Bored at DIA? Take a tour of the airport’s public art.
There’s so much more than Blucifer.
Airports are transitory spaces. As we move between cities, rush to our gate or glue ourselves to our phones, we don’t always take the time to look around us.
But there are plenty of interesting things to look at in DIA, an airport known for its unusual architecture, mythology and underground tunnels. In fact, many of the city’s public artworks, each of which is funded with 1% of Denver’s major capital improvement projects, are installed at DIA. While some of the more famous ones like Mustang (AKA “Blucifer”) can be seen outside the airport or in the Jeppesen Terminal, there are dozens of sculptures, sound art pieces, murals, paintings, photos and other artworks that can only be viewed past airport security.
To help you pass the time as you’re stuck in the airport during your holiday travels, we’ve put together a tour of DIA art. (Keep in mind that some works have been pulled during construction for its Great Hall Project. You can view a full list of DIA’s permanent public art pieces online.)
Here are the art pieces on display past DIA’s security, plus recommendations from some of DIA’s staff for where to grab a bite to eat while you’re there.
Dual Meridian: Center Core
Built at the same time as the airport, in 1994, this massive, 35,927-pound sculpture is an homage to transportation and transportation architecture. Artist David Griggs used titanium, fiberglass, granite, steel, aluminum, sandstone, slate and rock to depict a transportation evolution from the Iron Age to the future. You’ll see train tracks, a projected map of the globe simulating the experience of flying, and an arch rising in the air as an homage to space travel.
Patterns and Figures – Figures and Patterns: East and West Side Sub-cores
Here’s an example of an artwork that requires a bit more of your active attention. In 1994, artists Barb McKee and Darrell Anderson created eight-square-foot mosaic portraits and patterned borders from terrazzo and one-inch ceramic tiles. While the works are visible at ground level, they’re meant to be viewed from above. It’s only after walking upstairs to the mezzanine that you’ll be able to make out the “patterns and figures.” Anderson’s portraits — featuring a cowboy, a hiker, a mother and child, a skier, a pilot, and more — are meant to reflect the diversity of people passing through DIA. McKee’s borders, meanwhile, are etched with references to Colorado’s geography, history and ethnography, and other pictorial symbols.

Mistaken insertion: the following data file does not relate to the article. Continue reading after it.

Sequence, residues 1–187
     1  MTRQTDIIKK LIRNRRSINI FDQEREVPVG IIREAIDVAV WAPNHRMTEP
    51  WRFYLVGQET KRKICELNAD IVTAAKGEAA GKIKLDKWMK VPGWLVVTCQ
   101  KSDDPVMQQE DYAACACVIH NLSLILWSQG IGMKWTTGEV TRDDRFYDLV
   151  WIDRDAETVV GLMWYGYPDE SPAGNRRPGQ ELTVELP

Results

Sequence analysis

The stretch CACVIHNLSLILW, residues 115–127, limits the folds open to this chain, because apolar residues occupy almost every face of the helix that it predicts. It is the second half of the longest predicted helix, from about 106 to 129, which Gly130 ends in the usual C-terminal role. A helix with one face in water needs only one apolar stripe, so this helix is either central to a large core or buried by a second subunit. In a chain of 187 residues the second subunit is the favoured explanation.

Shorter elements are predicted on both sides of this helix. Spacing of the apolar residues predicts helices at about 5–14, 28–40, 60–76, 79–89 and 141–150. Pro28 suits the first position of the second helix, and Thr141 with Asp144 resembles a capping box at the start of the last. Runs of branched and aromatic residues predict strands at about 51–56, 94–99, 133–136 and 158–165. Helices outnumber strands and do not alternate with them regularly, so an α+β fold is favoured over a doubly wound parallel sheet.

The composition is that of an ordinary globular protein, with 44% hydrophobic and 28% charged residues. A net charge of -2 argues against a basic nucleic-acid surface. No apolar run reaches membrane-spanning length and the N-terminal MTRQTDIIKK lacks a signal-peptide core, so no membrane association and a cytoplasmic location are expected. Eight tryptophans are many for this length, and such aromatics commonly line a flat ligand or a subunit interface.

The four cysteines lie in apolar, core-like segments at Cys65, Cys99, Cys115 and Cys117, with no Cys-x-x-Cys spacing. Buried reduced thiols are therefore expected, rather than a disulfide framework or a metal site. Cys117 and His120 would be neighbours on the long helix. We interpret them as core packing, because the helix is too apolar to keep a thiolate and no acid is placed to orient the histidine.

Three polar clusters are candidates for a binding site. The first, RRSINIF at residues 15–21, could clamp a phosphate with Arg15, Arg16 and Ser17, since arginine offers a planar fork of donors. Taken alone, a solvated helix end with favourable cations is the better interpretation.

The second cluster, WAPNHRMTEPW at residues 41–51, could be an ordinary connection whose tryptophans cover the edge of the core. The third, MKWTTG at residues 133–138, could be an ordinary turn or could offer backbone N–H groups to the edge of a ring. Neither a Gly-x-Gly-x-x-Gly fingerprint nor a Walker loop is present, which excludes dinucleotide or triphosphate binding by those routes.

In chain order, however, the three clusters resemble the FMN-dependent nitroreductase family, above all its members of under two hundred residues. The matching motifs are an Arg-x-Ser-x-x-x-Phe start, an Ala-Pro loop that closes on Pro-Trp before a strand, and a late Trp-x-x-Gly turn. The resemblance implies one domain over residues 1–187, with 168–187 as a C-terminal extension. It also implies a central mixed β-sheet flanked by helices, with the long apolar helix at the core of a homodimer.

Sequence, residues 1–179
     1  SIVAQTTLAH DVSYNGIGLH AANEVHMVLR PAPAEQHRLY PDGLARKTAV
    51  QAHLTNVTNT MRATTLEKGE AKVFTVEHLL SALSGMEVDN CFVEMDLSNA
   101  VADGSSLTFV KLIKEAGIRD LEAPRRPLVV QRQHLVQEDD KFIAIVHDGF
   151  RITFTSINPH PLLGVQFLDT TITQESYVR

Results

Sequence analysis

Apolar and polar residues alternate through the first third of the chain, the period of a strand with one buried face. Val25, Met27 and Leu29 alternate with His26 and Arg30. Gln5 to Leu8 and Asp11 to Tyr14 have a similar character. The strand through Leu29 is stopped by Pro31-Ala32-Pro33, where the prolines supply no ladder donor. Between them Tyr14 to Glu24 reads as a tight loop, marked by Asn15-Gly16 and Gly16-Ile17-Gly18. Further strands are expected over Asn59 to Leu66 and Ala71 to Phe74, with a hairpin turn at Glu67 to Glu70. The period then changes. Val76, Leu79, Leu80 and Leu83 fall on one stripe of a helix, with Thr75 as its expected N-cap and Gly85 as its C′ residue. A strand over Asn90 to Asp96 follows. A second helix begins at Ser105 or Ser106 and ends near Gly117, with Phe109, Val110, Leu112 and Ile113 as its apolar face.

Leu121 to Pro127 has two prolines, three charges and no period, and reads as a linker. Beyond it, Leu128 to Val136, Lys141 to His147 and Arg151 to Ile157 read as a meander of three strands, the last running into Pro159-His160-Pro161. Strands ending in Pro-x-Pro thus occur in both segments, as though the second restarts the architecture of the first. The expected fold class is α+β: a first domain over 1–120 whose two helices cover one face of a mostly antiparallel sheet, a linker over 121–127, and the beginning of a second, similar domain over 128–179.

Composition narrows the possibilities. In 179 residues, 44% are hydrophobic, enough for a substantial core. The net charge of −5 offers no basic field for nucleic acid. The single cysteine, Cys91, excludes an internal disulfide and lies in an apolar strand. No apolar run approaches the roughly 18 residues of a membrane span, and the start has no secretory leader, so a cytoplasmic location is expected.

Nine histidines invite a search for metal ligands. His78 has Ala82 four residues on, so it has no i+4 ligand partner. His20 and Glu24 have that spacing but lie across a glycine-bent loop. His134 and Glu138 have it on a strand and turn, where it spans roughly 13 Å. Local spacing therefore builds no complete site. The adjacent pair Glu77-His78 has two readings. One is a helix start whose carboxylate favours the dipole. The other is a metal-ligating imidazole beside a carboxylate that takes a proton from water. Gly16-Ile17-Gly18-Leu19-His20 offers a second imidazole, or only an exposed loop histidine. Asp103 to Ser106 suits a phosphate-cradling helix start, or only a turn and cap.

Relax: Near Gates 54-58
This low traffic, quiet hallway is a bit of a hidden gem in the airport, and these five light installation pieces by the artist group Electroland play off of the breath of calm you get from walking through it. The works are made with LED lights, tempered glass, photographs and non-flammable acetate to reflect common travel motifs: relaxation, caution, vacationing, advertising, self reflection, arrival and departure. While this area is bound to be relaxing for adults, it also offers opportunities for play; kids will get a kick out of the infinite mirror above.
Spirit of the People: A Gates, Y-Juncture Gallery and the passenger bridge; Jeppesen Terminal, Level 5 near International Arrivals
This three-part exhibition uses paintings, photographs, murals, music and narration to tell the story of some of the Indigenous people living in Colorado, as told by members of 13 of the region’s historical tribes. There are 90 works total, split between the Jeppesen Terminal and A Gates. The Y-Juncture gallery has 62 photo murals of Indigenous tribal members who lived in the region into the 19th and early 20th centuries, as well as four painted murals. You can hear the musical piece from “Red Tail Chasing Hawks” (Calvin Standing Bear and James Torres) when walking across the passenger bridge. The pair wrote the 43-minute song compilation, which includes both traditional and contemporary music, specifically for the airport.